If you can, cast your mind back to your childhood in 1980s Britain. It is Sunday. The day has dragged on for about forty hours already. Sunday dinner has been eaten, washed-up, and the vegetables have been put on to boil so they will be ready for next Sunday. The crushing boredom was nearly enough to make one consider doing one's homework. Nearly.
Fortunately, it is now 10pm and time for the weekend's swan song.
On weekdays, ITV broadcast News at Ten, but 10pm on Sunday is where most of the British really learned about current affairs. Despite being plebs living on a council estate, we were not habitual ITV-watchers, so the channel was changed. The familiar music would hit a crescendo as that gobbet of spittle hit the screen and dribbled down to spell out “Spitting Image”, hailing an extremely entertaining and informative 30 minutes. And afterwards we would retune back to the BBC and ignore ITV for the next 167.5 hours.
The king is dead
The original Spitting Image was a satirical sketch show using latex puppets. The puppets are massively exaggerated caricatures but still basically recognisable. Some were a bit different though: Margaret Thatcher became more and more butch throughout the 80s and was often seen in formal suit and tie, Kenneth Baker was a slimy slug, and John Major was a grey, dull man. And their puppets? Photorealistic.
The credits at the end are long, because a lot of people had to put in a lot of work to make it, and a lot of now-famous big names in comedy appear in the credits. The first few episodes were toe-curlingly bad, but these people honed their craft and it got much better. The credits for a randomly-selected episode list the writers as “Hislop & Newman” of Private Eye fame, “Hunter & Docherty”, “Richard Curtis” (Blackadder, etc), “Guy Jenkins” (this might be a typo of Guy Jenkin who does some cracking stuff with Andy Hamilton), “H J Edgington” (no, me neither), “Steve Punt” (The Now Show, Mock the Week), and “Geoff Atkinson” (again, who?) The script editors are given as “Rob Grant” and “Doug Naylor”, who are perhaps most famous for Red Dwarf. Lots of people who are now big names.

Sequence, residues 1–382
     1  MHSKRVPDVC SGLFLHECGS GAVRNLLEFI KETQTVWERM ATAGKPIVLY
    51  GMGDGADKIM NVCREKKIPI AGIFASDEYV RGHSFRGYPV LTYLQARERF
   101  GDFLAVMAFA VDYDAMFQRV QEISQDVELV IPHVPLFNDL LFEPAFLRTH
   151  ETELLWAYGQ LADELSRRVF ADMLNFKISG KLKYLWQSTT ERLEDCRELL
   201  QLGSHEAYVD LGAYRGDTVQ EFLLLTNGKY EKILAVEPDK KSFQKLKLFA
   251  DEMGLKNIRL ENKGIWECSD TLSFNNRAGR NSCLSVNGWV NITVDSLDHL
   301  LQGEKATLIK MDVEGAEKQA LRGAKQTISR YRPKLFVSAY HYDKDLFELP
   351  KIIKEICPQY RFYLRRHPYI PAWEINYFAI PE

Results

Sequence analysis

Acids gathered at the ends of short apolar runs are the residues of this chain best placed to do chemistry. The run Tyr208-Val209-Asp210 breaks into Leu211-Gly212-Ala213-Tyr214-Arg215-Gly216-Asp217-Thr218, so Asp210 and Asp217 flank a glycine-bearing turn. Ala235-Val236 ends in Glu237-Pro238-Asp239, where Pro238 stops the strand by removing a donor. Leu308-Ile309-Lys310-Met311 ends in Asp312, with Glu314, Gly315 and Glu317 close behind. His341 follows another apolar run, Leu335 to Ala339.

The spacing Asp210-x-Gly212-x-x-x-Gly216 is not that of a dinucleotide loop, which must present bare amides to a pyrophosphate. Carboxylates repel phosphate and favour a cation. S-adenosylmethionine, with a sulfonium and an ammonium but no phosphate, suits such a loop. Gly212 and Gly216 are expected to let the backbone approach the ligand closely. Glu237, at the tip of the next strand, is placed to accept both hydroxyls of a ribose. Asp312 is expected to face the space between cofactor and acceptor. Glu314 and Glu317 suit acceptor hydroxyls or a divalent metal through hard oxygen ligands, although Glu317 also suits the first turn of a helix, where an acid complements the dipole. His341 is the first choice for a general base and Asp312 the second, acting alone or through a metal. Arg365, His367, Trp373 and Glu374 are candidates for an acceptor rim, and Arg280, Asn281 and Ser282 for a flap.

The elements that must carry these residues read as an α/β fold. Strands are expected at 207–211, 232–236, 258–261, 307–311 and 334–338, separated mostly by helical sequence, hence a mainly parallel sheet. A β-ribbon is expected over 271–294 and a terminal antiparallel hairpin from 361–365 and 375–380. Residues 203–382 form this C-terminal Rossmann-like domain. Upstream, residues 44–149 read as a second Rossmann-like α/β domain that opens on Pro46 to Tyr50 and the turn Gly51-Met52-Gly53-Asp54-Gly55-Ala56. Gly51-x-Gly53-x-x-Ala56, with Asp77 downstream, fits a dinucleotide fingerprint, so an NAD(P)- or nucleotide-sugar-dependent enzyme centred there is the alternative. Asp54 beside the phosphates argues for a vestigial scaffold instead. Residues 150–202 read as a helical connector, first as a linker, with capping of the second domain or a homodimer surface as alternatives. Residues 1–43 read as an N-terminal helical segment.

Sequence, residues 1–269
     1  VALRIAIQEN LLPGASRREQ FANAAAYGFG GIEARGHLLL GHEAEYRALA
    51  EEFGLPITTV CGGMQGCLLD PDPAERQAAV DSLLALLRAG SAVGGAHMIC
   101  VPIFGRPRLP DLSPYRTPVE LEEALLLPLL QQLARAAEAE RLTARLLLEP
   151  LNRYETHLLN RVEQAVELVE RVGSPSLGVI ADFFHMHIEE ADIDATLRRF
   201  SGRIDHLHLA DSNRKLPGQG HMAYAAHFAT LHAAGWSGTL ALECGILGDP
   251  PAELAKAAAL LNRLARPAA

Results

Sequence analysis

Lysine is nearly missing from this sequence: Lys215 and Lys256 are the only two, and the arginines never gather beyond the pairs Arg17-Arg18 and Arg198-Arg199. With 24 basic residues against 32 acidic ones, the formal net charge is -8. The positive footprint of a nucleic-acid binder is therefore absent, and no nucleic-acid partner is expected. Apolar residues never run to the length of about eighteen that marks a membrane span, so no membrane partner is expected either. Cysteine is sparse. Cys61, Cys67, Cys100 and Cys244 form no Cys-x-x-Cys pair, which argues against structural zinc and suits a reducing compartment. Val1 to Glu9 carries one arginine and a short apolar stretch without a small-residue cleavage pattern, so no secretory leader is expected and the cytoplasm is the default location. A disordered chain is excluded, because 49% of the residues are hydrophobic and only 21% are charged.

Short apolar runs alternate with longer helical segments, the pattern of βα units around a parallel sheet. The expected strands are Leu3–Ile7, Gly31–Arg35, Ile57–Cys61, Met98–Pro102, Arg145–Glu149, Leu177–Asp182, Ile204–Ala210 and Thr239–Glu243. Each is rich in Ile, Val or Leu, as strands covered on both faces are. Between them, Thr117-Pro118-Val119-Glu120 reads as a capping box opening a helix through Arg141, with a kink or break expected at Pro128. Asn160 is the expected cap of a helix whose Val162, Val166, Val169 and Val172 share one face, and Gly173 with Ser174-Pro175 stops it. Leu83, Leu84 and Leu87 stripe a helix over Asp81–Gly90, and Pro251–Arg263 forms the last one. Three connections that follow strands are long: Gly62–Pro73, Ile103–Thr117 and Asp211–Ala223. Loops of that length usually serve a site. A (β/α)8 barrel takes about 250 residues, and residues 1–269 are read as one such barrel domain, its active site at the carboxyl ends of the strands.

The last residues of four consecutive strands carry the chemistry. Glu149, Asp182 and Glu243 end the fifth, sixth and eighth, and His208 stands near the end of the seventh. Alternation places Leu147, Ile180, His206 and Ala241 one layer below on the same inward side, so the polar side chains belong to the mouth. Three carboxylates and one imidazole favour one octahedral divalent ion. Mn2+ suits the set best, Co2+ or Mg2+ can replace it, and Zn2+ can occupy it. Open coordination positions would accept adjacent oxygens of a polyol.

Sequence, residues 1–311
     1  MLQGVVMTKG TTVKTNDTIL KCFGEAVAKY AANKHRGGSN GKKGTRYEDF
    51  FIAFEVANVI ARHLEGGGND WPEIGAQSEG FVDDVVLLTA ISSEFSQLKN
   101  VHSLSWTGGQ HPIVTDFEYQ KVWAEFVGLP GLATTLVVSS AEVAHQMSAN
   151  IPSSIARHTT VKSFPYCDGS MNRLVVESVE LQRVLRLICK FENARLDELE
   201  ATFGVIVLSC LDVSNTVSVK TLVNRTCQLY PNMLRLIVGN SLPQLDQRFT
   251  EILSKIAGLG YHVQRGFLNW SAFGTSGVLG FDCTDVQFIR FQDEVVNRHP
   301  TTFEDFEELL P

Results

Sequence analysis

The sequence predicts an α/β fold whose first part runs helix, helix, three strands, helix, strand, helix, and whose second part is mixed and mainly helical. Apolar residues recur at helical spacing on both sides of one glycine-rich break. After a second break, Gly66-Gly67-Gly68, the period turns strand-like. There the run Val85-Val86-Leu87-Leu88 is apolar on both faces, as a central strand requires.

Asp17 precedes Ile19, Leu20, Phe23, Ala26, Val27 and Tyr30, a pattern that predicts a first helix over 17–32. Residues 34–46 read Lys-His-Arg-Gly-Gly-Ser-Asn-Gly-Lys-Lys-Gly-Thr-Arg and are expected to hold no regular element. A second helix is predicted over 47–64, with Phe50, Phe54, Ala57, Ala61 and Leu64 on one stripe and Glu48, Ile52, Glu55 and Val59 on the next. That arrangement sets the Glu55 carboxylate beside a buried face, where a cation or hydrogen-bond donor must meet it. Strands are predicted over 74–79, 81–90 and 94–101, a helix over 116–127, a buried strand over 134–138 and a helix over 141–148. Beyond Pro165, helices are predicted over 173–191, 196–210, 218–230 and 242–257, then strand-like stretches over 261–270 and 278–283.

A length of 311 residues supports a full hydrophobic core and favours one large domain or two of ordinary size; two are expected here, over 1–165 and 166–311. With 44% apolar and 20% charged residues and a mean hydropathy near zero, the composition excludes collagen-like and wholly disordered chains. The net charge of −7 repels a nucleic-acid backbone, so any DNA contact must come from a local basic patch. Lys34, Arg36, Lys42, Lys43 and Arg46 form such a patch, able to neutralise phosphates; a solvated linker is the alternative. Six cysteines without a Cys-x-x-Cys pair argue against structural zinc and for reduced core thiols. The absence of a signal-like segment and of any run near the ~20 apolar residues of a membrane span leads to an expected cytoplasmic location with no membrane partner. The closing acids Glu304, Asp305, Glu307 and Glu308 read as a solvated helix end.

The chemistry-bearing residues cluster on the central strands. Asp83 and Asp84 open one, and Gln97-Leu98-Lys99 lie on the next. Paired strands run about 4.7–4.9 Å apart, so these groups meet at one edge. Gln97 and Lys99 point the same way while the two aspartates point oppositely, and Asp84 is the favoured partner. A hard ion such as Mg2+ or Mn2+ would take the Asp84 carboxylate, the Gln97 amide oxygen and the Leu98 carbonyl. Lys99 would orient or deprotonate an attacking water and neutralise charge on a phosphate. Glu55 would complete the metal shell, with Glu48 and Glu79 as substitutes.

The show gave comic relief to the stress and horrors of 1980s Tory Britain. but when the Great Dictator was finally dethroned in November 1990 and replaced with—er, dull bloke, wossname, really liked a bit of curry—a human cardboard cutout, the series lost its spark and was finally put out of its misery in 1996.
It was a programme of a time that has passed into history: a hated Tory government which had been running the country badly for a decade, a senile US President wanting to bring on the End Times, and a fatal virus working its way through the population, many of whom were treated as social outcasts and blamed for catching the virus through lifestyle choices. Such an era was unprecedented and could never happen again.